Forward by Robert W. Reichard


I attended the monthly meeting of our fliers group this month. My good friend Harry had read my book and said he couldn't discuss parts of it to others, because, when he did, they didn't believe some of the stories.

Two days later I thought about the conversation with Harry and realized he had a point. I had lived it and didn't question it because it had been my life and that was the way it happened. Looking back I can now realize how ridiculous it might seem to someone else. What were some of those out of the ordinary experiences?

I have written because the computer has made it a simple task. I have no living children, so it wasn't for that reason. My writing has given me a lift and I am glad I started writing when I did because with time my mind is ridding itself of the lesser happenings of that period. I hope that some of the stories I have given out will resurface from someone's attic about 50 years from now to counter those who have worked so hard to bury the truth about this period in our history.

You are right, Harry, it does sound like the "Secret Life of Walter Mitty" or some other movie turned out by Hollywood, but the truth is that I am stuck with it. Your friend, Bob.

-RWR- 29 Feb 96. (Rev - 20 Sept 2000)


I have tried to write my stories as they occurred and as well as I can remember them. I had no diary because I never thought I'd write about my experiences. The events did occur and where possible I used my military records to establish dates. However, 11 December 1944 will remain with me as long as my brain responds normally, and with the others who were there. I used real names when proper and closely sounding names when I thought there was the possibility that someone could be still be hurt by my story.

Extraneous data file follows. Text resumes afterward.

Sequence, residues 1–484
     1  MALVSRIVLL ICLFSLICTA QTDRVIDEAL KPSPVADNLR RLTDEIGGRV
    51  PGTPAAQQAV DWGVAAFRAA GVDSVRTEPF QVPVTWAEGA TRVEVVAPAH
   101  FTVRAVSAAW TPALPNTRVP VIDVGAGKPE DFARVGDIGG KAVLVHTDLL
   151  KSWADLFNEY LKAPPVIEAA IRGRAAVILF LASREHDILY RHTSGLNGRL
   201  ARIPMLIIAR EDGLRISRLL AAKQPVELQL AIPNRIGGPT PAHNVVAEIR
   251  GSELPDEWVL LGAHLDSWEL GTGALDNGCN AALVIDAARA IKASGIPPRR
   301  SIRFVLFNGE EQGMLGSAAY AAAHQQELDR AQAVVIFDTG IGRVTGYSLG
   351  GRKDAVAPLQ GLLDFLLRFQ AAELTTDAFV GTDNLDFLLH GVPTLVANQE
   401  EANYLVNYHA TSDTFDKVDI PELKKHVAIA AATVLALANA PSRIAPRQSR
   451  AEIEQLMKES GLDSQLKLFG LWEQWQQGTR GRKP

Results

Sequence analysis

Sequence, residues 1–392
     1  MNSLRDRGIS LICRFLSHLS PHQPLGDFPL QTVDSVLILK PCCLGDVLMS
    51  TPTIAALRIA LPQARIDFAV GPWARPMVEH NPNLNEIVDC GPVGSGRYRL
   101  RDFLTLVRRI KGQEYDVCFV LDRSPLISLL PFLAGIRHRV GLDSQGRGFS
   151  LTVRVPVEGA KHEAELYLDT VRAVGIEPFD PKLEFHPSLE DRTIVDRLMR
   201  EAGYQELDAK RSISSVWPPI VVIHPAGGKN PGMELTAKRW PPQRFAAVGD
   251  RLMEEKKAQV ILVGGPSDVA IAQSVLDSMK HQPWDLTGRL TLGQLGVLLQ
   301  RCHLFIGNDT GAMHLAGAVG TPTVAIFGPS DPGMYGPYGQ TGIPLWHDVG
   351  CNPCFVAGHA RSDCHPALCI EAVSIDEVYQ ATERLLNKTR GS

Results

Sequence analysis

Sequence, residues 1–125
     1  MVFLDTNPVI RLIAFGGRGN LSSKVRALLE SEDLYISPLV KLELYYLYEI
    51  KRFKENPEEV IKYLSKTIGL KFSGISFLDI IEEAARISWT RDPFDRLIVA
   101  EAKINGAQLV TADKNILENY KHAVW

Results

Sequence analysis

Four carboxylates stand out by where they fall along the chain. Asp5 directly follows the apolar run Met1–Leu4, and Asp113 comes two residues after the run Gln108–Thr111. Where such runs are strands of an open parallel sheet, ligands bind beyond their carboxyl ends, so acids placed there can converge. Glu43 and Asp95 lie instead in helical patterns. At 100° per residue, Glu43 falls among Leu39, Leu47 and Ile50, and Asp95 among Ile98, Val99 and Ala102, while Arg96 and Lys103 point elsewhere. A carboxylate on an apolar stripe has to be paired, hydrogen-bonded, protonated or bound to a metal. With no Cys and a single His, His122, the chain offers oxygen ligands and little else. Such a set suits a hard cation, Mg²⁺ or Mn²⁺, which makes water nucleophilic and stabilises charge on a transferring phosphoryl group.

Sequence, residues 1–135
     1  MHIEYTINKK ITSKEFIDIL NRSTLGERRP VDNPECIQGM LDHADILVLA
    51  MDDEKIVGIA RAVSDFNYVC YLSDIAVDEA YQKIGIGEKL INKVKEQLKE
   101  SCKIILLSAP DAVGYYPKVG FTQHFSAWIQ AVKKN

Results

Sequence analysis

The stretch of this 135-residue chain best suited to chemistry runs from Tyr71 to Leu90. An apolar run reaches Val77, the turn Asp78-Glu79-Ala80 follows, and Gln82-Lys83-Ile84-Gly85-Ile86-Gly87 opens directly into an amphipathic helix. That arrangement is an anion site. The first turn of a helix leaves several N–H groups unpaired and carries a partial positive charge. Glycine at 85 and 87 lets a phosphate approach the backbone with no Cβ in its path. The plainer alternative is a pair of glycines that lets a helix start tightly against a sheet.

There are still some grammatical and spelling errors and I'm sure I have the horse behind the cart once in a while. I have corrected some but not all. I had finished a story recently and my wife was on vacation, so I asked Walter (the retired sergeant major) to go over the story for me. Little did I know that he had a computer program to do the job. I looked over the corrections or rejection of my work and wrote him the following:

Received your epistle the other day. I looked it over and decided to use my language instead of the computers. My reasoning was simple: I am not out for the Nobel or Pulitzer prizes in literature and if I followed the computer dictates, the end result would not be the flow of my picturesque language, but of some programmer of the English language, who hadn't walked in my footsteps, and wouldn't know where to step if he had. After all, my stories were written for my friends and none of them have completed a doctorate in any form except my doctor and dentist and they are too busy to read it. I do thank you for the time and effort you put into it. I hope you can find another use for the program.

Walter, I know it is nice to be perfect, but at my age, I'm not trying to impress anyone. I do like to connect my thoughts, when I write but sometimes the thoughts stray and why not? It was a long time ago and my memory and a few official records have been my only guide.

So, readers don't be too critical of my work because I am not a writer.

- RWR - 17 July 1993

PS: My dentists and family doctor have taken the time to read some of my stories and have enjoyed them, even ask for more.

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Copyright (C) 2003 by Robert W. Reichard and David F. Abner, All rights reserved except for items already copyrighted by others and credited within.